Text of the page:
Social Media in Education

It is part of our lives.

We see it, every day. In the news, on our devices, in conversations with family and friends. We communicate with it. We share our lives, our passions, our anger and our sadness on it. It grows more, every day. There is a multi-billion dollar industry built around serving it to us, in every possible way, shape and form. If you are in business and not using, many say it is only a matter of time before your business will be a memory.

So, with all of this in mind, why is Social Media still not being taught or embraced in our schools? The government, which funds education, understands how vital Social Media is in its communication with the public. School Districts have embraced the medium as a means to keep parents and kids informed. Colleges and Universities are starting to integrate Social Media education into various existing programs, with some colleges even offering entire programs based on being professional Social Media Marketers and Managers. So, again, I ask; why is it not being taught to our kids?

But, Don’t Kids Already Know?

The first reason, one could surmise, is that kids already know how to use Social Media. This is true, in the sense that a teen can drive a car because he/she figured out how to put a key into the ignition, put their foot on the gas, turn the steering wheel and maybe even use the brake. Some might even be able to turn the lights on at night and use the bluetooth features on the stereo. This does not, however, mean that they actually KNOW how to drive a car. They still don’t know all the the safety features of the car, nor do they know the rules of the road. Those come with training, testing and practice. We make them learn about these rules of the road and how to navigate them safely, because not doing so makes them a danger to themselves and others.

The same could be said of Social Media. One bad decision, one bad post, one bad turn on the Internet and their life, or the life of someone else, could be damaged. Unlike a car, though, that damage could be repaired, only to suddenly happen again…..because the Internet never forgets.

Age Is Everything

I was at a restaurant, not too long ago, and I watched as a little girl, about 8 or 9 years old, took dozens of pictures of her desert…..and posted them to Instagram. Beyond the fact that you must be, according to Instagram, 13-years-old before you can get an account, I was looking at the parents as they chatted and admired the pictures she was posting. I had to think, to myself, “I wonder if they know about the other stuff she might be posting?”.

It is well known and understood that most kids know more about technology than their parents do. There in lies the problem. Just because they know more than you, doesn’t mean that you shouldn’t pay attention to what they are doing, where they are doing it and what (or who) they are doing it with. With more and more kids getting smart phones and mobile devices, at younger and younger ages, it is important for the parents to understand an monitor what their children are doing online. Which leads us to the next problem.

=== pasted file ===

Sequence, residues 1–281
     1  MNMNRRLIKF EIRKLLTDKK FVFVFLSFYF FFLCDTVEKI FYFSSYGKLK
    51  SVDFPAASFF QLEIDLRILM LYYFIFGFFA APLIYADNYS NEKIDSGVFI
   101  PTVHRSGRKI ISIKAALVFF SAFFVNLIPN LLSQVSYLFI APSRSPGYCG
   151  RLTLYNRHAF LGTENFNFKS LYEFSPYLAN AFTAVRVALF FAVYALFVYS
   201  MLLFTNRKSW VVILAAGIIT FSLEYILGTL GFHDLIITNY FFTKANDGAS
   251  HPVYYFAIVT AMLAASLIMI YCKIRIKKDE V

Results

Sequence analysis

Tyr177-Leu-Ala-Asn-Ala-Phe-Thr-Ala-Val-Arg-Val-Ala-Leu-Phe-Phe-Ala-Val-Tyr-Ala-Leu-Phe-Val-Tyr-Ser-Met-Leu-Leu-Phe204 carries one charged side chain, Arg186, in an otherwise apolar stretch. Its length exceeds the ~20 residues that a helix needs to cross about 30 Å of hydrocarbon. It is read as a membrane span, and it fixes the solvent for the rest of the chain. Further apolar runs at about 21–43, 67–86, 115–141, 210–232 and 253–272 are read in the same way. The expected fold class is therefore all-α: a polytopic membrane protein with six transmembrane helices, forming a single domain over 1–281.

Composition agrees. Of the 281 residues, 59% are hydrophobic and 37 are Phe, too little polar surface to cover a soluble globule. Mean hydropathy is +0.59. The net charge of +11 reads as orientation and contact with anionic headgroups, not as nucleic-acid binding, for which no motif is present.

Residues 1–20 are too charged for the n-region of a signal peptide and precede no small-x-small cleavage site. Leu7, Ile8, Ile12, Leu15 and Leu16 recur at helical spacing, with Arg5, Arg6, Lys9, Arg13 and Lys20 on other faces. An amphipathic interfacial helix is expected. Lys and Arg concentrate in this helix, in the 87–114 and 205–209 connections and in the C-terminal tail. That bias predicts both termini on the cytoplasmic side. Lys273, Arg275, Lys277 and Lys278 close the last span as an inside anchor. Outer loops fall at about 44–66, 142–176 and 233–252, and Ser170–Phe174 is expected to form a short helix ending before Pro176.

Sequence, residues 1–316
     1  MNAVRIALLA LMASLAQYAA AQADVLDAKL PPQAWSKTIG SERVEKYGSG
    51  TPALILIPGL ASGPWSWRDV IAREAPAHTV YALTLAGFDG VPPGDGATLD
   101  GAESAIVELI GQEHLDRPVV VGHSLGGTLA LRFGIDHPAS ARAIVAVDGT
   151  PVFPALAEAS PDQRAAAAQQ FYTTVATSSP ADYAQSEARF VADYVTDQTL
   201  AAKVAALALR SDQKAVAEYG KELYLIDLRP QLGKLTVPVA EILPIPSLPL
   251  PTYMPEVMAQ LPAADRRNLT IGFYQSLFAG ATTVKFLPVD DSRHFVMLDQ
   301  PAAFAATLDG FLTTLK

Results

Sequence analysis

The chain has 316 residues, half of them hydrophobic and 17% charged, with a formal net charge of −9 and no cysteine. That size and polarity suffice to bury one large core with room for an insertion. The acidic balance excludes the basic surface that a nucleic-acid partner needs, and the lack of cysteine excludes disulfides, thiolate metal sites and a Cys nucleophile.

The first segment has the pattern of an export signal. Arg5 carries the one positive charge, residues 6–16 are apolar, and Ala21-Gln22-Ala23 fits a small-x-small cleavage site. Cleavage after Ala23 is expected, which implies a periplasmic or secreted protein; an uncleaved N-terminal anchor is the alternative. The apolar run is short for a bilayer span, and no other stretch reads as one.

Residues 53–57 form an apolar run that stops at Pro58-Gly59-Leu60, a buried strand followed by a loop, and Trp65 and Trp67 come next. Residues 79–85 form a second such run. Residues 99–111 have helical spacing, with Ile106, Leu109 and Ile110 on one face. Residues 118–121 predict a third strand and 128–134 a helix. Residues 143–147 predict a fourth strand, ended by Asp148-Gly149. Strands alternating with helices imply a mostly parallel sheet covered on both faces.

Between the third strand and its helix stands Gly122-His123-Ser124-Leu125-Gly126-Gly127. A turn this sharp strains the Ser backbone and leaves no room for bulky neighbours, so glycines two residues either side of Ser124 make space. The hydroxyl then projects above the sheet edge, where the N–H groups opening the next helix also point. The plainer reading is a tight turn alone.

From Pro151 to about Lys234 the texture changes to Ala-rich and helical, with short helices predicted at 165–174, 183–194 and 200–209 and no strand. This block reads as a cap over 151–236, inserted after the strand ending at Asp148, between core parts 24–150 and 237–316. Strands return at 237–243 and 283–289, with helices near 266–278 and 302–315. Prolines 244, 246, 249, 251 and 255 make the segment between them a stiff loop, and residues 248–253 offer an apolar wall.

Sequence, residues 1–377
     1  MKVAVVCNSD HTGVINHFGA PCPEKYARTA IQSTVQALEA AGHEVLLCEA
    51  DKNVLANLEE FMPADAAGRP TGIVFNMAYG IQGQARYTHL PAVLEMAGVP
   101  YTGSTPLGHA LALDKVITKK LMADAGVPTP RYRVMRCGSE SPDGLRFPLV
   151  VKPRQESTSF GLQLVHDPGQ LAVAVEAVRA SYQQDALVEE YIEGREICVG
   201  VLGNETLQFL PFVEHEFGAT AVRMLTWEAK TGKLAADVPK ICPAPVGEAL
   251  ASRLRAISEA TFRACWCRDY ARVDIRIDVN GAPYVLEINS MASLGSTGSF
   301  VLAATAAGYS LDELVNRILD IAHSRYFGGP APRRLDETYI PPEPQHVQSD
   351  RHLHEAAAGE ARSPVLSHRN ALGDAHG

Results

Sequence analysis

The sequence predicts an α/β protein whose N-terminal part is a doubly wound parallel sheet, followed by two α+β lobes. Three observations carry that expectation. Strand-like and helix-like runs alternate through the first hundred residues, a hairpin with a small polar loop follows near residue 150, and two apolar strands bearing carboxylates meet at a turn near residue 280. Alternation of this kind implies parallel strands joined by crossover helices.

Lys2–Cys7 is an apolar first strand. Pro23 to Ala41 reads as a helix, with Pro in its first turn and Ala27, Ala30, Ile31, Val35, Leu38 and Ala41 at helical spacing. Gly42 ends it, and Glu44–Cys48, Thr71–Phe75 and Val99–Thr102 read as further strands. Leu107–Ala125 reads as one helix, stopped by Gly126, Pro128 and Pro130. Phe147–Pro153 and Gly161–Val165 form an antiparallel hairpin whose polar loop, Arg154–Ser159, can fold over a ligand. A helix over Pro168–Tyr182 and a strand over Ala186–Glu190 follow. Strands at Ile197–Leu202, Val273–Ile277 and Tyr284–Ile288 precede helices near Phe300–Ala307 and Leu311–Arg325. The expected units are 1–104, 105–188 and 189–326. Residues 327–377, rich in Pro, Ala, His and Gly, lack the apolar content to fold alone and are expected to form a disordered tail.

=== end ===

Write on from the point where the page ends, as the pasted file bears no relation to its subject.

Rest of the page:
The Digital Hallway

Johnny and Jenny are not with Mom and Dad, all day. For a dozen years, a big chunk of their days, from September through June, is spent in a space where they learn the essentials of life. How to read, write, add, subtract and how to incorporate those into more learning. While learning Shakespeare or how to mix chemical A with compound B is interesting, they are not things that they (the kids) would employ everyday. Social Media, on the other hand, incorporates all of those core pieces, and much, much, more.

We would never think about allowing our children to speak to strangers that we have never met. We would never allow out children to leaf through a pornographic magazine or go to an R Rated movie until the were old enough. Yet we allow it everyday that we do not pay attention to where they are and what they are doing online. We also want them to explore and discover the world around them, where it be learning a new skill or expanding their knowledge about something they are passionate about. So, with this library and positive content available, why not add it as a tool in the mix of the daily curriculum consumed. Why just read Shakespeare when and interactive interpretation is available. Why just guess at what the outcome of mixing compound A with compound B, when there is a entertaining video to show you the outcome. Why learn how to write an old school style resume on the word processor, when there is a step-by-step version online, that allows you to update at a moments notice and add rich media image and video to enhance your introduction to a new employer.

We are the guides and mentors of our children and students, but we need to be in both their offline AND online lives, if we are going to be successful guides and mentors.

Visit The Digital Hallway to learn more and download The DH Podcasts from iTunes, starting in September 2017